Academic journal article American Annals of the Deaf

Unregulated Autonomy: Uncredentialed Educational Interpreters in Rural Schools

Academic journal article American Annals of the Deaf

Unregulated Autonomy: Uncredentialed Educational Interpreters in Rural Schools

Article excerpt

Data suggest that more than 87% of Deaf and Hard of Hearing children attend regular public schools all or part of the school day (Office of Special Education Programs, 2014). Many of these students gain access to the school system and curriculum through an educational interpreter. These interpreters must be able to decode and comprehend the complex sourcelanguage message, extract its meaning, and then reformulate it into an equally complex target-language message (Cokely, 1992; Pöchhacker, 2004; Seleskovitch, 1978). All of this must be done in multifaceted classrooms, often with users with developing language and cognitive skills (Schick, 2001; Winston, 2001). To ensure that educational interpreters possess the required skills to meet the demands of this role, several states and local education entities have implemented minimum credentialing requirements. Even though there is evidence that Deaf and Hard of Hearing students learn nearly twice as much from a skilled interpreter as from an interpreter without formal training (Quinsland & Long, 1989), many states have established no such minimum credentials for educational interpreters.

Studies in the interpreting field have investigated the effectiveness or skills of individuals interpreting for Deaf and Hard of Hearing children in public school settings, and have described what is happening in school settings where credentialed educational interpreters are predominantly used. There are some data addressing what the position descriptions and roles of the educational interpreter should be. There is very little data, however, on how learning through an educational interpreter may influence the cognitive development of Deaf and Hard of Hearing students (Marschark, Sapere, Convertino & Seewagen, 2005; Schick, 2004; Yarger, 2001).

However, there are few studies on rural school districts that use the services of uncredentialed educational interpreters and how these interpreters enact their role (Yarger, 2001). In other words, there is a lack of research on what educational interpreters are doing in systems that have no licensure or regulatory requirements and the impact on Deaf and Hard of Hearing students. In the present study, I used ethnographic methodologies to address this limitation, specifically by examining the depth and breadth of what uncredentialed rural educational interpreters do daily, with the goal of enhancing professional understanding of these interpreters' role space and the consequences of using uncredentialed educational interpreters.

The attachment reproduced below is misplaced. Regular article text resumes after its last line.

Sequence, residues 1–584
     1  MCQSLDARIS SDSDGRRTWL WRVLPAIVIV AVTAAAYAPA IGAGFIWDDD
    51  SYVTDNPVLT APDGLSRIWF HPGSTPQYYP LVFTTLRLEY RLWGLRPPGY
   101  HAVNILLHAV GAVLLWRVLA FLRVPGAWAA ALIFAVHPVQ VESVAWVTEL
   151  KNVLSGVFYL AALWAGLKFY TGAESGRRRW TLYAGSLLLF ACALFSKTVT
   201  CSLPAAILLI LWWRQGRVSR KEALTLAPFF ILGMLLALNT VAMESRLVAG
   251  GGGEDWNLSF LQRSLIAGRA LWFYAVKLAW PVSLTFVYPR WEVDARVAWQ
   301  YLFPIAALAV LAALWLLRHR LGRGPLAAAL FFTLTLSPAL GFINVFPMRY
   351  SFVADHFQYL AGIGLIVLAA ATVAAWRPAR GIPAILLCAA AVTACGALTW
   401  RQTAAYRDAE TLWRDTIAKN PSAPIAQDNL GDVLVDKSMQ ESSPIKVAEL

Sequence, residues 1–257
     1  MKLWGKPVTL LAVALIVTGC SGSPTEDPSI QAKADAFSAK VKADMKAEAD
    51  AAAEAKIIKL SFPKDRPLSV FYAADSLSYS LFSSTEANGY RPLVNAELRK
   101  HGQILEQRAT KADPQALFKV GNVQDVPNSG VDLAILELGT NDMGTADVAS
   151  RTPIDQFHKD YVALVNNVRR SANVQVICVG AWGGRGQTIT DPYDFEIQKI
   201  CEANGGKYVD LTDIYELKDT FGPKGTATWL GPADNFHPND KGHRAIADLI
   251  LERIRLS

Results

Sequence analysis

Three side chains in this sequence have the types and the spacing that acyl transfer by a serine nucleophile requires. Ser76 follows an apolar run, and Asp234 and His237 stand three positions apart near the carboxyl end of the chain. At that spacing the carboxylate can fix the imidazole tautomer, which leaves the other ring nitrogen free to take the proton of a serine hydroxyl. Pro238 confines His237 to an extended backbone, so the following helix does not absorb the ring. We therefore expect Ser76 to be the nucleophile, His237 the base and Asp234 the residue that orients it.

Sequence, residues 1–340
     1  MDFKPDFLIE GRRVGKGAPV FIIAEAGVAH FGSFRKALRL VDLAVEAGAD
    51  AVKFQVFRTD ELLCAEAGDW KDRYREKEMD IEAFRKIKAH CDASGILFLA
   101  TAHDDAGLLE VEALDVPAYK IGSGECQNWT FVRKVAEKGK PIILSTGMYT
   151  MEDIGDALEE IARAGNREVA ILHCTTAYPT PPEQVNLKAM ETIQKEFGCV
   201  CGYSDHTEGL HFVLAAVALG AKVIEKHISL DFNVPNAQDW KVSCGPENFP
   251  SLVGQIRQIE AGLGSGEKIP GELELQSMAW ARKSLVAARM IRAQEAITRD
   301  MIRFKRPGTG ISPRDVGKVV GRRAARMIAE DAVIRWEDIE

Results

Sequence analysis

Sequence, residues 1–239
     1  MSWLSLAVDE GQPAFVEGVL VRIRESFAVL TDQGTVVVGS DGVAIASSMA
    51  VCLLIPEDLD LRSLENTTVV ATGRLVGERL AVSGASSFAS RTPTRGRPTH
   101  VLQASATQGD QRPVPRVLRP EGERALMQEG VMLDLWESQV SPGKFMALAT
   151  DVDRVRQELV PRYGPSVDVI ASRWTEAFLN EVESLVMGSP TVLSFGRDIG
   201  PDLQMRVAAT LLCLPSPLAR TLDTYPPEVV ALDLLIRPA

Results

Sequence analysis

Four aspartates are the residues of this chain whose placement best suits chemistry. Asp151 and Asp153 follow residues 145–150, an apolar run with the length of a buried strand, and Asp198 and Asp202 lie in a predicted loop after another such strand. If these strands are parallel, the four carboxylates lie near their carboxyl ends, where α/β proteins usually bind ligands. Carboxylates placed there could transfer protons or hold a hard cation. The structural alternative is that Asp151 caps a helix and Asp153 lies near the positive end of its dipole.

Role Space

Lee and Llewellyn-Jones (2011) reconceptualized the singular concept of role toward an approach that "defines role not in a static way, but in a dynamic way that requires interpreters to make active choices about managing the myriad factors that foster successful interactions" (p. 1). More recently, and in the same vein, Llewellyn-Jones and Lee (2013, 2014) have suggested that interpreters adopt a model that presents role not as a singular position, but as the movement along three dimensional axes: the axis of presentation of self, the axis of interaction management, and the axis of alignment with participants to frame their work.

Based on this lens, the notion of role space as a dynamic range of dimensions, as opposed to a static delineation of one role, has been proposed. Llewellyn-Jones and Lee (2013) add, in clarification, that "it is not the interpreter who decides on the nature and dimensions of role-space; instead, it is the characteristics of the interaction that determine the appropriateness of the myriad approaches and roles available to the interpreter" (p. 69). With an expanded, multidimensional sense of role, it is "impossible to talk about a single role occupied by an interpreter" (Lee & Llewellyn-Jones, 2011, p. 2).

Llewellyn-Jones and Lee (2014) clearly state, however, that since role refers to behavior rather than position, a role is enacted, not occupied. Certainly, interpreters working in a public school setting may enact different dimensional positions along the three axes within different interactions; however, that is not the focus of the present research. …

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